What prompted today’s call was most likely that I had responded to an on-line survey Cadillac had emailed me about the service. In the survey I was polite and simply stated that the car had been in the shop five days and when I got it back it still was not fixed. I did not bother saying they worked on the car on Monday, declared it repaired and had me pick it up . . . only to discover it was still broken. I called back on Tuesday and told the service writer, and he asked me to bring it back the next day, which I did. When I picked it up that afternoon it was still broken. I took it back the next week and left it three days. When I picked it up and discovered that it was still broken, I gave up on the local guys. In the survey I tried to compliment the dealership in every way I could . . . e,g, the service writer was polite and professional and tried to keep me in the loop; the sales staff was great and available to drive me home and pick me up; etc.

I am sure that the survey response caused him some problem with GM, as they take such matters seriously. He apologized and said that particular tech (we once called them shop mechanics) suffered from “Analysis paralysis.” I chuckled and let him off of the hook and thanked him for the call.

The truth of the matter is that today’s new vehicles are very complicated and are quickly out growing the abilities of small town dealerships and their staff. Such smaller dealerships simply cannot afford to pay the salary needed to attract qualified folks and to send them off for regular training.

I did not tell the caller that I have known for a couple of years now that his service department has problems. I took the black corvette there two years ago and asked them to check the Freon, saying that the AC wasn’t cooling very well. When I picked up the car, I was told everything was just fine and was presented with an invoice for a $100 diagnostic fee. The AC still was not cooling. I took the car to an AC shop, the guy repaired and serviced the AC system and charged me $80. I fussed at the shop foreman at the dealership and he said, “It is a new fee . . . we actually call it the Melton rule!” My firm and I have purchased 17 new vehicles from the dealership over the past 25 years . . . mostly higher-end vehicles such as Suburbans. It seems foolish to treat a good customer in such a goofy manner. But then, what do I know about running a dealership?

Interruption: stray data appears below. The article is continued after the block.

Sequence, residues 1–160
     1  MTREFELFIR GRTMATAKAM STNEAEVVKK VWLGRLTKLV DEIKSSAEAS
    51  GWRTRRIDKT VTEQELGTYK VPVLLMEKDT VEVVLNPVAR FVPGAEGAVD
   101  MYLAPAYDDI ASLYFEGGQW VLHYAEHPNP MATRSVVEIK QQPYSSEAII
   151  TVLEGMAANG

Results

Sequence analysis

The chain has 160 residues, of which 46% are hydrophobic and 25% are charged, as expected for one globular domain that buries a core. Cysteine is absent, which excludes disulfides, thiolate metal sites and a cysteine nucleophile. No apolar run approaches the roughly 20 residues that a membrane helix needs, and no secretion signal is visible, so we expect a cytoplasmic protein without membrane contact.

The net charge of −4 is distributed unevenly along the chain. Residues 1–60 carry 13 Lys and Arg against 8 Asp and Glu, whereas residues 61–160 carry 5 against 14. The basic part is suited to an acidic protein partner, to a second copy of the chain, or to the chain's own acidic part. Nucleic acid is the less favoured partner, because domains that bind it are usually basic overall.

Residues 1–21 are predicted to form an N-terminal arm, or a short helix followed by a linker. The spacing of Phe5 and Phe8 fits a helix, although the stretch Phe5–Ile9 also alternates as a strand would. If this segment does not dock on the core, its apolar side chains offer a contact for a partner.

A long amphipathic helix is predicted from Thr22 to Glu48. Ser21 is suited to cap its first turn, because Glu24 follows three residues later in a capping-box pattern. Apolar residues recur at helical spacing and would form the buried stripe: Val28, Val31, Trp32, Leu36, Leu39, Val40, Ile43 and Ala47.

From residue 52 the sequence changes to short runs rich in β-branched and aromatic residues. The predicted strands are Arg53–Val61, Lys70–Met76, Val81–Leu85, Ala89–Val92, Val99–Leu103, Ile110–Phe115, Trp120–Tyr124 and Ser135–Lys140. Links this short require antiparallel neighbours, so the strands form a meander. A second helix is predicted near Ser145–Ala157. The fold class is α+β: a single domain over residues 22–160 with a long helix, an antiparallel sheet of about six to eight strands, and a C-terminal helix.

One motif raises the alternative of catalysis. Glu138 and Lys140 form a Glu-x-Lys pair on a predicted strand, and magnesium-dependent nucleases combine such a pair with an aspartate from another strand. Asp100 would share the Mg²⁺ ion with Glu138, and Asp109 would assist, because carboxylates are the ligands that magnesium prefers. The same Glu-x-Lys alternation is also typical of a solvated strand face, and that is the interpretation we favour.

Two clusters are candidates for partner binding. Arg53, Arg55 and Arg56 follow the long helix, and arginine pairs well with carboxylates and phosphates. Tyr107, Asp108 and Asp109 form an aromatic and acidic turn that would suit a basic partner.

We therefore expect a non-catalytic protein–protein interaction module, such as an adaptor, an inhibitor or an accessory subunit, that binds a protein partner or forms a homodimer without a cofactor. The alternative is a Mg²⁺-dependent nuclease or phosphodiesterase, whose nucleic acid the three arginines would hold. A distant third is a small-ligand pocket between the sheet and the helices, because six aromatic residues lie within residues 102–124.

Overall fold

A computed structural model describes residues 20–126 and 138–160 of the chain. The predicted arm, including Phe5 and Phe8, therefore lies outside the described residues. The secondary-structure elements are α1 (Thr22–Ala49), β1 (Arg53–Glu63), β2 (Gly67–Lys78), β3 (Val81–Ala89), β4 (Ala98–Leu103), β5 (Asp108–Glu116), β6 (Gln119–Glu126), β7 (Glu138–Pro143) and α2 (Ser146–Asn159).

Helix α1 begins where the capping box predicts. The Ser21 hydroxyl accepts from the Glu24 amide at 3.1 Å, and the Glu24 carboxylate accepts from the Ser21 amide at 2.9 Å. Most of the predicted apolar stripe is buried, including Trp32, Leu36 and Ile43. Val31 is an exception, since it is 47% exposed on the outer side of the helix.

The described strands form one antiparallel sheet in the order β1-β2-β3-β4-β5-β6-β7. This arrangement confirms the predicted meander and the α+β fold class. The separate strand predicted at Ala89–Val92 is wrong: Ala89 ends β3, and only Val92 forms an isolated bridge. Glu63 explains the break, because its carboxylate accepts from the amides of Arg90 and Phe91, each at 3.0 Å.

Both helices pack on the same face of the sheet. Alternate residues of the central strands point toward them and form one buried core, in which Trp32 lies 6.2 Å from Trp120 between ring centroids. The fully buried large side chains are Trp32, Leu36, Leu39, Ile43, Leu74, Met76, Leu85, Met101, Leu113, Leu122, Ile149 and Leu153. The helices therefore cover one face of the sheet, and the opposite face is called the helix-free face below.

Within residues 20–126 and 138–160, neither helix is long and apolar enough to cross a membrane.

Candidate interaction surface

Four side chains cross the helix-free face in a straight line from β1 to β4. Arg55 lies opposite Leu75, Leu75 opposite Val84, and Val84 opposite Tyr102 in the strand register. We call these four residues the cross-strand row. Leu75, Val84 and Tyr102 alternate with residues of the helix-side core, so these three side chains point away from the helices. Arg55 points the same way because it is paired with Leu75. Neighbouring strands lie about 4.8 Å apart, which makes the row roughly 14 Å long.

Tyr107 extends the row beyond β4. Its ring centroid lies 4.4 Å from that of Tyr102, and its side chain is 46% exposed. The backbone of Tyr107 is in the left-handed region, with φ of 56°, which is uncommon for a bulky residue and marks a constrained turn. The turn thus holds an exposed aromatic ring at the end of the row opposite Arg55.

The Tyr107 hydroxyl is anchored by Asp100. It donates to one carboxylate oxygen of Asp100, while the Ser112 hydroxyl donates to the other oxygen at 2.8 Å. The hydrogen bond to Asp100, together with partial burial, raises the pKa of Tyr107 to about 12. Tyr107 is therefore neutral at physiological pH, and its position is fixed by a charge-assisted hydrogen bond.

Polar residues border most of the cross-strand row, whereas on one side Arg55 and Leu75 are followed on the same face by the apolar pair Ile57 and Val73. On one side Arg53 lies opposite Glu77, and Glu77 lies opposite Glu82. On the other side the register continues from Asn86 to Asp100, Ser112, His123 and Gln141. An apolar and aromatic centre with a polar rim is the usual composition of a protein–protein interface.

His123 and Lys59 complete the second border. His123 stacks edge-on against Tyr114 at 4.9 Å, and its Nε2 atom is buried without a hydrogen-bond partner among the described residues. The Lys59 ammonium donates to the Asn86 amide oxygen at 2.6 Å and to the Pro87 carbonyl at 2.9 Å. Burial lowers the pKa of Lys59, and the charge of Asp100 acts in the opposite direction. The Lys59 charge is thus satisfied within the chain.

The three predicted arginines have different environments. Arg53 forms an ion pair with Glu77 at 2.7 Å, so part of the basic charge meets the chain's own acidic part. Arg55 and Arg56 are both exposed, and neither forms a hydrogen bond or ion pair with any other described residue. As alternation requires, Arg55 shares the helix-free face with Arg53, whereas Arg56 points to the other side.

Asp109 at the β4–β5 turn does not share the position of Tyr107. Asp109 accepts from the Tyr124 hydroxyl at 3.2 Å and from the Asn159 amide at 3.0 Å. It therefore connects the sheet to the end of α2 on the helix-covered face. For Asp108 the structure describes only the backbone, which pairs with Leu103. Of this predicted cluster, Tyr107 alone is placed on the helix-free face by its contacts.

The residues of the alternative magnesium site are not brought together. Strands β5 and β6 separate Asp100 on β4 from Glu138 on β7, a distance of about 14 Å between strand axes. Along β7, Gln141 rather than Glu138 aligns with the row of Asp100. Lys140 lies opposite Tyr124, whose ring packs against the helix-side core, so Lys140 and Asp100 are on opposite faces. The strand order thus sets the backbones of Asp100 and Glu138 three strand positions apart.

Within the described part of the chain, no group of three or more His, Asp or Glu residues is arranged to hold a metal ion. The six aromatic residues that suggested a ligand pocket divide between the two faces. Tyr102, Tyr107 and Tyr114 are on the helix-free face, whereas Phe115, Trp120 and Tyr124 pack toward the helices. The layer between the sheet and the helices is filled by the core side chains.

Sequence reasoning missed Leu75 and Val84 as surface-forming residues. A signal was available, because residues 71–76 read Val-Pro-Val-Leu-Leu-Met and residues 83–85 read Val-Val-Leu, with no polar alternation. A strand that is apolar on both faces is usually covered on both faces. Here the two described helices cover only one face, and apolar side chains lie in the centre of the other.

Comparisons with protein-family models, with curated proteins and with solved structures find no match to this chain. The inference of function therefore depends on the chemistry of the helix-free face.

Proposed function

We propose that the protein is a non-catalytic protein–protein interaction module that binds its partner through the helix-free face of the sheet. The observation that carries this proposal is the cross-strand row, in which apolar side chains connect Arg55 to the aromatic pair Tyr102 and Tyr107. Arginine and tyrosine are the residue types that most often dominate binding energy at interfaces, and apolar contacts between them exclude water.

Chris was with a lady friend recently who was looking to purchase a new vehicle there. The salesman told her, “You could probably save a little money by going to a bigger town, but the good part of buying here is that our service department can take care of the car for you.” Chris said he politely told the guy that might not be all that he had it pegged as being and said we had been buying cars there a long while.

It is something of a catch-22 for me . . . I want and need a good dealership nearby, but I find it frustrating that the service department is quickly becoming below par. The simple truth is that equipment breaks and needs service and repairs. Driving back and forth to San Antonio for car repairs might get old pretty quickly.


It is a Matter of Attitude . . .

Are you happy? Satisfied with where you are and what you are doing?

I know a lady who shocked everyone who knew her . . . friends, neighbors, and family by simply loading her car one afternoon with what she could carry and striking out for the beaches of California. She had been married and divorced a couple of times and had children by two different men. She had met and married a really nice fellow who was crazy about her and totally devoted to her. He owned a comfortable home and had a pretty good job. A few years after being married, she started asking him to load them up, sell the house, and move them to California. He explained that he had many years in with an international company and was just three years from retirement; he simply could not walk away. Over time she increased her demands . . . but he was unwilling to budge. Finally, she simply loaded up, said adios, and drove off into the sunset. She was by no means a spring chicken . . . she was over 50 years of age, and she had no money. He was certain she would come back home soon . . . but she has been out there about two years now.

She has made no secret of the fact that she has had a difficult time financially and while she has not been bad about it, she has occasionally requested her family help her financially. Some have been more willing than have others.